5. Numbers 26:59 Or Jochebed, a daughter of Levi, who was born to Levi

A Second Census Required

26 [a] After the plague the Lord said to Moses and to Eleazar son of Aaron the priest,[b] “Take a census of the whole community of Israelites, from twenty years old and upward, by their clans,[c] everyone who can serve in the army of Israel.”[d] So Moses and Eleazar the priest spoke with them in the rift valley plains[e] of Moab, along the Jordan River[f] across from Jericho. They said, “Number the people[g] from twenty years old and upward, just as the Lord commanded Moses and the Israelites who went out from the land of Egypt.”


Reuben was the firstborn of Israel. The Reubenites: from[h] Hanoch, the family of the Hanochites; from Pallu, the family of the Palluites; from Hezron, the family of the Hezronites; from Carmi, the family of the Carmites. These were the families of the Reubenites; and those numbered of them were 43,730. Pallu’s descendant[i] was Eliab. Eliab’s descendants were Nemuel, Dathan, and Abiram. It was Dathan and Abiram who as leaders of the community rebelled against Moses and Aaron with the followers[j] of Korah when they rebelled against the Lord. 10 The earth opened its mouth and swallowed them and Korah at the time that company died, when the fire consumed 250 men. So they became a warning. 11 But the descendants of Korah did not die.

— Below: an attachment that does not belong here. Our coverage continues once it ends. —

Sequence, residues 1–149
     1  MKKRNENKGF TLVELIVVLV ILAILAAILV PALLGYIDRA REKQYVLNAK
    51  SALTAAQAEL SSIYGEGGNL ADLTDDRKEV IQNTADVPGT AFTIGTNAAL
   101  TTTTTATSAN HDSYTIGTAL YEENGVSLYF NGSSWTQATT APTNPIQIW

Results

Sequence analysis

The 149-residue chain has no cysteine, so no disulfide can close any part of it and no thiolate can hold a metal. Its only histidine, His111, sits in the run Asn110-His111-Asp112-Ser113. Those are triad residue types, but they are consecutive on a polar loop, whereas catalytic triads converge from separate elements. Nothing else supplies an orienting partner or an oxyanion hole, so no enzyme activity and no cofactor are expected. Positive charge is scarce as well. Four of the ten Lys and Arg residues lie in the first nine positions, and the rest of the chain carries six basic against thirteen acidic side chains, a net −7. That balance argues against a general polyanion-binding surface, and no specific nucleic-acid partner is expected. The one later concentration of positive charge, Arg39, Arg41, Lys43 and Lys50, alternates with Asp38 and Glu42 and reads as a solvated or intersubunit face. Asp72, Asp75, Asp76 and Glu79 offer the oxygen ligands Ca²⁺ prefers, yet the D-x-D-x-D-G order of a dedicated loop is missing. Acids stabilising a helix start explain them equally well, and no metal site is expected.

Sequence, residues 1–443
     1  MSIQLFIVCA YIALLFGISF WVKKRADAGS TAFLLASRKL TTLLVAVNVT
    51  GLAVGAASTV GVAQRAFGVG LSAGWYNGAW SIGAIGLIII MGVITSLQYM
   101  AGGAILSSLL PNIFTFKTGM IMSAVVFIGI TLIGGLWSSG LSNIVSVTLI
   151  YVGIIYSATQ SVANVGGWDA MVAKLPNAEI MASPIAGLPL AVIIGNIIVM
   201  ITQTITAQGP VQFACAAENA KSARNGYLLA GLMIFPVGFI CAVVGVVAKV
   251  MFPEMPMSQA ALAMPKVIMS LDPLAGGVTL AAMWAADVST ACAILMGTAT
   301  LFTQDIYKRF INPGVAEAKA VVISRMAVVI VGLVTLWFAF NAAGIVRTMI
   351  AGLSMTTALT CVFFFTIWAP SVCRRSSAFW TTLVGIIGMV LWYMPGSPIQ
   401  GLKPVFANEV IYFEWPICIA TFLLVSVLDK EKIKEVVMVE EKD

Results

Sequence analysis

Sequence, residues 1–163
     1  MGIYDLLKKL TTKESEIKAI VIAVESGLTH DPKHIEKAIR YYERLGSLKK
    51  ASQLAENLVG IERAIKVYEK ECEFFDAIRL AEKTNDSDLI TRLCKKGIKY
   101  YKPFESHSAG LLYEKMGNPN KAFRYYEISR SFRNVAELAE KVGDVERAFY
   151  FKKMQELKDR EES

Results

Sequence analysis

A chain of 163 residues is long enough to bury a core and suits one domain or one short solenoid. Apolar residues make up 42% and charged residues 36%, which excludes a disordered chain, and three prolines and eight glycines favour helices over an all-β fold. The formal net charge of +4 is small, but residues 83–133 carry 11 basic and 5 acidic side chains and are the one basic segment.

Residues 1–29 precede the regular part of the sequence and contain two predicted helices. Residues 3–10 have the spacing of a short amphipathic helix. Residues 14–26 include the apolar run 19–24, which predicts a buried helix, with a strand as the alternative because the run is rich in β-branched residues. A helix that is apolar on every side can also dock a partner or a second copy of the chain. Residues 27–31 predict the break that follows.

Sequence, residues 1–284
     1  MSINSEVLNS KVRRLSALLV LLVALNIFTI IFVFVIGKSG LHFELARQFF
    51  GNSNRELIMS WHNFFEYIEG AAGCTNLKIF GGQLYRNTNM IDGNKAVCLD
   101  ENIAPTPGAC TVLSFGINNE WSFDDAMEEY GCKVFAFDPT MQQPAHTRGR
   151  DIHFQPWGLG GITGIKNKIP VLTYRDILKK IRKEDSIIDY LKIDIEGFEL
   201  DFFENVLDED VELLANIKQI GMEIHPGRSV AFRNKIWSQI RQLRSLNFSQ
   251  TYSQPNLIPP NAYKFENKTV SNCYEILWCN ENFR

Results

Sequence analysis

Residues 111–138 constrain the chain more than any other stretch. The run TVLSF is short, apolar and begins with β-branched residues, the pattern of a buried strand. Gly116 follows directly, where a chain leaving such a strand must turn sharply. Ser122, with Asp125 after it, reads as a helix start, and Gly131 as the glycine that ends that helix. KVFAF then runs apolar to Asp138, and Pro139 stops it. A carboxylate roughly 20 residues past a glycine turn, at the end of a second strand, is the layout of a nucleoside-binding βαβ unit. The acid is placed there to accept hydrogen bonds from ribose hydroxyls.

12 The Simeonites by their families: from Nemuel, the family of the Nemuelites; from Jamin, the family of the Jaminites; from Jakin, the family of the Jakinites; 13 from Zerah,[k] the family of the Zerahites; and from Shaul, the family of the Shaulites. 14 These were the families of the Simeonites, 22,200.